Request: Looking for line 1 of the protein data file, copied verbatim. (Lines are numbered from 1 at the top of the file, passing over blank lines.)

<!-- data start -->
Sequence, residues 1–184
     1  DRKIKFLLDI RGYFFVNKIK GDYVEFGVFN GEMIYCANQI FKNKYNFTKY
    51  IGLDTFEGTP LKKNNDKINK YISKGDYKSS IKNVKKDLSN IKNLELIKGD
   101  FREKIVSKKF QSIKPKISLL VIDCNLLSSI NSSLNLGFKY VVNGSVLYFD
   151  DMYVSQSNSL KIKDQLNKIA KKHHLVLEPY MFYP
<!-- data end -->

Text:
Sequence, residues 1–184